panies, nongovernmental organizations and even the United Nations have been engaged in different
manners of discussions as a reflection of the different positions they have assumed on the subject. The
results gathered indicate that there are still opportunities to improve the ecosystem services approach by
extending its use to the early stages of renewable energy facilities planning, such as the environmental
impact assessments of these projects.
© 2019 Elsevier Ltd. All rights reserved.

1. Introduction

The original idea of ecosystem services (ES) and products was

presented in the 1950s by Odum [1], who discussed the uses of
* Corresponding author.
natural resources (agriculture, hunting, fisheries) and the dynamics
E-mail addresses: (M.A. Espe cie), pedro.carvalho@ (P.N. de Carvalho), (M.F.B. Pinheiro), of the human population as being part of ecosystems [2]. Academia (V.M. Rosenthal), (L.A.F. da has discussed the services provided by nature as a theme [3] since
Silva), (M.R.C. Pinheiro), at least the 1970s. The concept of ES was introduced in the 1980s; it
(S.A. Espig), (C.F. Mariani), elisangela.almeida@epe. then went on to inspire a rapidly growing body of peer-reviewed
). (E.M. de Almeida), (F.N.G.A.S. Sodre
0960-1481/© 2019 Elsevier Ltd. All rights reserved.
40 M.A. Especie et al. / Renewable Energy 140 (2019) 39e51

literature [4]. However, it was only after the Rio Earth Summit in presents an overview of 15 years of scientific production related to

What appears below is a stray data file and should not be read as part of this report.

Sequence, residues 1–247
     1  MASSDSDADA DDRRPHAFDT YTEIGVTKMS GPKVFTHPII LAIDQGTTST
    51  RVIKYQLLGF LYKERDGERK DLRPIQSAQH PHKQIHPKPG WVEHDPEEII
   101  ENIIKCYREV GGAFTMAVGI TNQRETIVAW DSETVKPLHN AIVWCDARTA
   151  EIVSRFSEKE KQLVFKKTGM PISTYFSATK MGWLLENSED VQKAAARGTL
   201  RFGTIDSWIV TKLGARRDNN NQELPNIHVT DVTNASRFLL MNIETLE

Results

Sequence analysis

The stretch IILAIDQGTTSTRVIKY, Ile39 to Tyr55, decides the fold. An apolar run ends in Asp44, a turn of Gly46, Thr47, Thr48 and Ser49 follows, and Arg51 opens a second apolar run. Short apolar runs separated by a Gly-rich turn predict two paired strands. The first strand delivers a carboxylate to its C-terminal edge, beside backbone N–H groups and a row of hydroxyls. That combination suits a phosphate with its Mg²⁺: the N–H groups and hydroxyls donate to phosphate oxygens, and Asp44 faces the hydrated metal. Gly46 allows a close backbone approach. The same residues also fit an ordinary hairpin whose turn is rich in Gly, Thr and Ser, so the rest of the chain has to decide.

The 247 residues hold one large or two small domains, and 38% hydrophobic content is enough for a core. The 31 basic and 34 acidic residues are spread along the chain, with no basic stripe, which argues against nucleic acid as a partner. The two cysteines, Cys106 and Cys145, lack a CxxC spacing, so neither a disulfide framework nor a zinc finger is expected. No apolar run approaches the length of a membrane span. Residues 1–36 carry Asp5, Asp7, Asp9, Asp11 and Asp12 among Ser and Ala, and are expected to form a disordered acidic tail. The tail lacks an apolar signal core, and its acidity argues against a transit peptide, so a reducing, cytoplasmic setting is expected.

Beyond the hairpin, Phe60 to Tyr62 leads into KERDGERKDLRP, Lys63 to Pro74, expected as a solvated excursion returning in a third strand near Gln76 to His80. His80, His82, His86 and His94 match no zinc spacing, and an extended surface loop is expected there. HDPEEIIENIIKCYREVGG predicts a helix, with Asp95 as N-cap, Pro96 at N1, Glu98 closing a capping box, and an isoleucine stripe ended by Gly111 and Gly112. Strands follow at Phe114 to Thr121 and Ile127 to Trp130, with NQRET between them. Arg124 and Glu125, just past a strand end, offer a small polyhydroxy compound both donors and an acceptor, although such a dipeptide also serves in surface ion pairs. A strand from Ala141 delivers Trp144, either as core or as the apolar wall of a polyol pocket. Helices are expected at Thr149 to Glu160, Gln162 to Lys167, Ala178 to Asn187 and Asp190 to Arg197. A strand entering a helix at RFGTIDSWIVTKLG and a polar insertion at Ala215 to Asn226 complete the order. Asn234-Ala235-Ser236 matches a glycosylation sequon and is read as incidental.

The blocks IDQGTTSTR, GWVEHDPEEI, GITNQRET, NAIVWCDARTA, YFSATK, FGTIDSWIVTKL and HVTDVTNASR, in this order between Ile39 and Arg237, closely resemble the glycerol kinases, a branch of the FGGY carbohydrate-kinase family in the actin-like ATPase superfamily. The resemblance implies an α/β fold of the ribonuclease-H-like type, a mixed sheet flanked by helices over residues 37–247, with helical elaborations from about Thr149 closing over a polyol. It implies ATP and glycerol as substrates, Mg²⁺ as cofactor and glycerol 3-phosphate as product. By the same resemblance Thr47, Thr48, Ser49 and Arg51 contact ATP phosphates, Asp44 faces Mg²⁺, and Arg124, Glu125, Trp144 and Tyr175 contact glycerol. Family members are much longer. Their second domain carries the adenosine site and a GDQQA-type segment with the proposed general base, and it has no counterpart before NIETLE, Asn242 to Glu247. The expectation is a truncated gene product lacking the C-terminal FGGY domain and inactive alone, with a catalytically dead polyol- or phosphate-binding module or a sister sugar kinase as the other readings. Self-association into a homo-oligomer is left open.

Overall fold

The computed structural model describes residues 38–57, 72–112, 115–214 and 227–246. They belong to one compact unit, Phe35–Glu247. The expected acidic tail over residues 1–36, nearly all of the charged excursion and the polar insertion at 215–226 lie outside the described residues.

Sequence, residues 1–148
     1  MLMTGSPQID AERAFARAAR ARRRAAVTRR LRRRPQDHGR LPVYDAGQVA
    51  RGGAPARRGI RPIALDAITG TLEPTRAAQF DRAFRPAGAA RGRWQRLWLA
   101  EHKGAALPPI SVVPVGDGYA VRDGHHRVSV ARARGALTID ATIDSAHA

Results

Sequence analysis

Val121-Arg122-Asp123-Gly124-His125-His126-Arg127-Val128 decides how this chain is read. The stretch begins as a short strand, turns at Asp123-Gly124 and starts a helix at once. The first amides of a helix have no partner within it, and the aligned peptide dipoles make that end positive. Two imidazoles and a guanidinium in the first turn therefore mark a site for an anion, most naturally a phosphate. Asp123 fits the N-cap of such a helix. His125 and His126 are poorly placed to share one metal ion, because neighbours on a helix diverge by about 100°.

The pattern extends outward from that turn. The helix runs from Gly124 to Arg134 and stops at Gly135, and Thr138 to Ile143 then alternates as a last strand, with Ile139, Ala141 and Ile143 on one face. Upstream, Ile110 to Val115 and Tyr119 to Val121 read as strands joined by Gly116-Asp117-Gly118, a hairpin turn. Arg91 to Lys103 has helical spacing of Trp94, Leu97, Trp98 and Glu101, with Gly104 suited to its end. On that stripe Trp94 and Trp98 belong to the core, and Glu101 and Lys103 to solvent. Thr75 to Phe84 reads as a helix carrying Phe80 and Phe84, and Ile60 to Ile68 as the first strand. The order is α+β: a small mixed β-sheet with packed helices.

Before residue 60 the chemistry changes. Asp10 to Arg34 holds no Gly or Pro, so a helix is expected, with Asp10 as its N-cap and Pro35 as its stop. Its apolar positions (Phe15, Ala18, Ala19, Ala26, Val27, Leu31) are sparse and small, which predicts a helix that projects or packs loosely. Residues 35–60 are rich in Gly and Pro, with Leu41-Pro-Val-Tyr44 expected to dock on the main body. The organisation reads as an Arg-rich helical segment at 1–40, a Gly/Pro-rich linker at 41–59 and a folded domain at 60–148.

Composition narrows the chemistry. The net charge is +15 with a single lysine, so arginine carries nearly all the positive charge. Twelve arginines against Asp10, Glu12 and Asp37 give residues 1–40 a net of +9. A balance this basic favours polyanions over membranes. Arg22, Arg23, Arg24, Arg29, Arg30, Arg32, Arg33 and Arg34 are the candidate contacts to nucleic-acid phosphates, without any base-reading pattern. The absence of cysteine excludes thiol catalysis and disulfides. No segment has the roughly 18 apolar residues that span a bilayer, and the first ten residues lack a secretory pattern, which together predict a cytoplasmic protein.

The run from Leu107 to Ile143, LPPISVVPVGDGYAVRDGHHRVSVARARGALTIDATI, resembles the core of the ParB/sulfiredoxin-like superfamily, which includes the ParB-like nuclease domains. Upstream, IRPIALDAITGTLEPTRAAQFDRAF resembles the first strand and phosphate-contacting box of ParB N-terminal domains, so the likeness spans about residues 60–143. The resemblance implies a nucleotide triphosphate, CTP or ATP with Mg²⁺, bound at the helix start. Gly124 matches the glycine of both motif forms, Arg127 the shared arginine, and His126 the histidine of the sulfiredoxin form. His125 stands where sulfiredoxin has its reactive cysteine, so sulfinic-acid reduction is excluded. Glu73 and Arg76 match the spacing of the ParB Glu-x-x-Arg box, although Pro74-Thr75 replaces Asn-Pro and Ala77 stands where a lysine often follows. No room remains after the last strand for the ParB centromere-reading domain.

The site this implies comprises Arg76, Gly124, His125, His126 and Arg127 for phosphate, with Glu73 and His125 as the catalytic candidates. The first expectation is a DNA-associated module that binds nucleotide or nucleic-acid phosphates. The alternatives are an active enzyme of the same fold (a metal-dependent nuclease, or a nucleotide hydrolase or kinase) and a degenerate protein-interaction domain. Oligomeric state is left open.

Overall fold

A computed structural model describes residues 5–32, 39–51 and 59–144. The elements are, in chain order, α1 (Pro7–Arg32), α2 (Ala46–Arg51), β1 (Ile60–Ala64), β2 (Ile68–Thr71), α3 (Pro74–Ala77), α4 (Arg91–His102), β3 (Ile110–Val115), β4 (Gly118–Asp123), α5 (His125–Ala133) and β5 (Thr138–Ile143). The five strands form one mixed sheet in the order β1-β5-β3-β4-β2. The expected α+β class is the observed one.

1992 that ES were institutionalized as a concept. The theme quickly the subject. By means of a scientometric analysis, the present
disseminated afterwards throughout scientific, expert and public research sought to identify the trends in the use of the ES approach.
debate efforts aimed at promoting biodiversity preservation and Moreover, the analysis explored where studies have been carried
the protection of the environment [5]. out, which ES categories were most frequent, the institutions
Go mez-Baggethun et al. [6] highlighted the first conceptuali- involved in the dissemination of this concept, as well as the
zations of ES-connected environmental impacts and the conse- different sorts of valuation methods and tools used to capture the
quent loss of species to the balance of the ecosystems' long-term value of the ES.
carrying capacity. Daily et al. [7] eventually coined a very popular
definition for the term, which has been well accepted and ratified 2. Material and methods
by other authors, which is as follows: “Ecosystem services are the
conditions and processes through which natural ecosystems, and The scientometric approach aims at the advancement of the